I’m working on an enhanced podcast version of Dr. David Berliner’s presentation on high stakes testing and NCLB from yesterday in Garageband, and ran into a frustrating problem I’ve just solved. When I record on my iPod using my iTalk mic, the resulting audio file is in WAV format. If I try to import that file directly into Garageband, it does not sound/play correctly, it is garbled. This is one of the reasons I love editing my podcasts with Audacity, which never has this problem and seems to import audio in any format without difficulty.
In the past when I’ve run into this I’ve used QuickTime Pro to convert the WAV file to AIFF format. Today when I tried that, the imported audio file sounded like Minnie Mouse: the speed of the played back audio was faster than it should have been. Turns out you need to use a “sample rate of 44.1 kHz” when converting the WAV file to AIFF. (Via this Apple Support Discussion thread.) The imported 44.1 kHz AIFF file works great in Garageband.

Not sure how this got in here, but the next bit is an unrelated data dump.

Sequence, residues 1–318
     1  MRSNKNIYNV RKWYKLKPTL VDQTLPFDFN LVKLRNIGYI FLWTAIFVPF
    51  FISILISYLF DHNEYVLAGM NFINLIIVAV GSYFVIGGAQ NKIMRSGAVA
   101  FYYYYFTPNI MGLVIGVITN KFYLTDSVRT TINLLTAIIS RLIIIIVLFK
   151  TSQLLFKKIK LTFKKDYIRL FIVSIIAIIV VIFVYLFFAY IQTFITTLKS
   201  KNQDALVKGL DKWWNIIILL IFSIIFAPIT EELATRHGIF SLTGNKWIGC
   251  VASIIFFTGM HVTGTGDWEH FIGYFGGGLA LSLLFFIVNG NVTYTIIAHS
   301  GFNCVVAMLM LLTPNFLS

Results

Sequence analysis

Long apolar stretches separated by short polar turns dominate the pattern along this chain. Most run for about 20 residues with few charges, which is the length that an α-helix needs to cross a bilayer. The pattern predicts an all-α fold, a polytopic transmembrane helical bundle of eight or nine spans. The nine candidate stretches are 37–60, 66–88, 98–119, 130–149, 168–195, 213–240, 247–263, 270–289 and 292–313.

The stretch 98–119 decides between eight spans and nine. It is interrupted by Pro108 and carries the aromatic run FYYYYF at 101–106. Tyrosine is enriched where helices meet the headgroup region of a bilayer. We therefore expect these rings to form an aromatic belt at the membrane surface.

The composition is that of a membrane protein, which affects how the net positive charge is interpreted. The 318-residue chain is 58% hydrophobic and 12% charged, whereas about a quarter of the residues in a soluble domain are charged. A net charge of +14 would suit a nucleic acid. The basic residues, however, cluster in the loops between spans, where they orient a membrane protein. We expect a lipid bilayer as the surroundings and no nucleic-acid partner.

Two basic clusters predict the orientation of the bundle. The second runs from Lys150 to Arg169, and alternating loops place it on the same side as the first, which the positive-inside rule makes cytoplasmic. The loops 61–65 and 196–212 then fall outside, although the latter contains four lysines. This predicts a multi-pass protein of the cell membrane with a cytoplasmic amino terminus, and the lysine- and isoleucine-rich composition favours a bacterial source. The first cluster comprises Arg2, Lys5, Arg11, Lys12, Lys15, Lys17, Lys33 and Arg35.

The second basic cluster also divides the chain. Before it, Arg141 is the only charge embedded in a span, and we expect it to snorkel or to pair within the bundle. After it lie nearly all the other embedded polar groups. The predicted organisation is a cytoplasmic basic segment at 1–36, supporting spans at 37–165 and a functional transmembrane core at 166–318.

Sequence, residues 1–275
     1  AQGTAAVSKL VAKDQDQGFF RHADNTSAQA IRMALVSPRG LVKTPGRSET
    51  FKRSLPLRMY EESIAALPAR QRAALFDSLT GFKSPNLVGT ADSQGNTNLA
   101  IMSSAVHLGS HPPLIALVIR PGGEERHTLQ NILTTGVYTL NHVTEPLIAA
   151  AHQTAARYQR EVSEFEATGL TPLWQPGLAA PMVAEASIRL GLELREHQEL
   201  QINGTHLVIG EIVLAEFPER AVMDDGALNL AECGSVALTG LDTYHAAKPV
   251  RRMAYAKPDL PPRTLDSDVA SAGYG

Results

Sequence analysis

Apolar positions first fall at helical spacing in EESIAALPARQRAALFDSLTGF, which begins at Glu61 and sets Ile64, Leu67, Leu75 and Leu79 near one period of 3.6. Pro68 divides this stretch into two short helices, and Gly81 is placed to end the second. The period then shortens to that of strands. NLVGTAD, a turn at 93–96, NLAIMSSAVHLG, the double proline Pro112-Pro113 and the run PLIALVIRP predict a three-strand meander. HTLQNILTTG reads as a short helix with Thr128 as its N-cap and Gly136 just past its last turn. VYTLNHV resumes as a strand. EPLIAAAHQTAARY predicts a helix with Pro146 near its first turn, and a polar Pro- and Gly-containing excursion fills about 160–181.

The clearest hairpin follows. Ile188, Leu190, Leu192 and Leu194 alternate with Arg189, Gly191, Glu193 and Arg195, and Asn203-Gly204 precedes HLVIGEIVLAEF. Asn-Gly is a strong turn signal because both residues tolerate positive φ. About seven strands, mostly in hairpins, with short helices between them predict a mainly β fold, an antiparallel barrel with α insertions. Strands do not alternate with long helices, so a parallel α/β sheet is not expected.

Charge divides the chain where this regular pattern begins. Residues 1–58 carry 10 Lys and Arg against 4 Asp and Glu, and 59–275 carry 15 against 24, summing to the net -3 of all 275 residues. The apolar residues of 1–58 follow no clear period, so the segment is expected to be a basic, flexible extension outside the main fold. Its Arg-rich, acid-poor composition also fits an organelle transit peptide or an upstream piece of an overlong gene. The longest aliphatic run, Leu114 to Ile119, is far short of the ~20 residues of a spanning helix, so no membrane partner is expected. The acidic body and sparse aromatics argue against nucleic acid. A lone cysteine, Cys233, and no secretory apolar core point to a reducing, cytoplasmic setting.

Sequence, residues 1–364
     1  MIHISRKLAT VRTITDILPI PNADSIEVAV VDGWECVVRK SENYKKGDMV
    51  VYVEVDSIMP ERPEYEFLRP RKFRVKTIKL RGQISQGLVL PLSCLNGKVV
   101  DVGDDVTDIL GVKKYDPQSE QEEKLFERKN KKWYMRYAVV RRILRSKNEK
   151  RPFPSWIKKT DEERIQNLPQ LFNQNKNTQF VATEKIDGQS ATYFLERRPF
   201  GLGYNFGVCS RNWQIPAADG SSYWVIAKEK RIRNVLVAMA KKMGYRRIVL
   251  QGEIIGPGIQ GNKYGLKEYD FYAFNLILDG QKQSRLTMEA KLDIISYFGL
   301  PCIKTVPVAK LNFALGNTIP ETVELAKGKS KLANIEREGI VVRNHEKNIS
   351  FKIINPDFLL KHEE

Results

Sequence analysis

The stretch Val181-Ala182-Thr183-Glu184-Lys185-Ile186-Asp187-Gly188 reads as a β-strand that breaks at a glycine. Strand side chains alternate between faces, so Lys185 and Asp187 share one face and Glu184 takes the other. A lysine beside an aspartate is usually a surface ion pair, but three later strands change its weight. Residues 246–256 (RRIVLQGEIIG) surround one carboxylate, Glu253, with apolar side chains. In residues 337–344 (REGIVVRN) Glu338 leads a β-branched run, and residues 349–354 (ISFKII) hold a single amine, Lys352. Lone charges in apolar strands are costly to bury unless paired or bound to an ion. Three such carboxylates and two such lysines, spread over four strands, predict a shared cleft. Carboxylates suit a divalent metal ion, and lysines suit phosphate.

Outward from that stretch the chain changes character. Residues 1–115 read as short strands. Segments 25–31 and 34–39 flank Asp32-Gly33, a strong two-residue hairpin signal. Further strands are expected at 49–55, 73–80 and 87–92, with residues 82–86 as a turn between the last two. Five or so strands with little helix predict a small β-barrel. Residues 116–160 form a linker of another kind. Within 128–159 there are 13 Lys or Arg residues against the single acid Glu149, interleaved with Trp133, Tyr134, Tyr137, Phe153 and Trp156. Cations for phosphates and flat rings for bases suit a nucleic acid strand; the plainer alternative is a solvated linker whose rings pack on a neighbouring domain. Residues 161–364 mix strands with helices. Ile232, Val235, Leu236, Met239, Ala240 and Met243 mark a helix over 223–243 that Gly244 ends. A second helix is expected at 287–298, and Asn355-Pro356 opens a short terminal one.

My other Garageband gripe is that songs (in this case podcasts) are limited to 1999 measures long. That may sound like a silly complaint, but when you are trying to create a podcast that is over an hour long, it can be a problem. Again, another reason to go with Audacity which does not have any length limit for created podcasts or other audio files. One major limitation of Audacity is that it doesn’t directly let you add album art (which shows up in iTunes and on iPods when you play the file) or create enhanced podcasts. To create an enhanced podcast, you must be on a Macintosh and Garageband is the easiest software to use.
I do love Garageband for creating original music, it is phenomenal, but I find some of these file format and length limitations to be creativity and workflow inhibiting: characteristics I try to avoid with both software and hardware tools. If you’re interested in learning more about podcasting on any platform (Macintosh, Windows or Linux) including some good tutorials on Audacity, check out my Podcast Help page.
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- Site visit UT College of Education: Year 3 of One to One Computing - 2005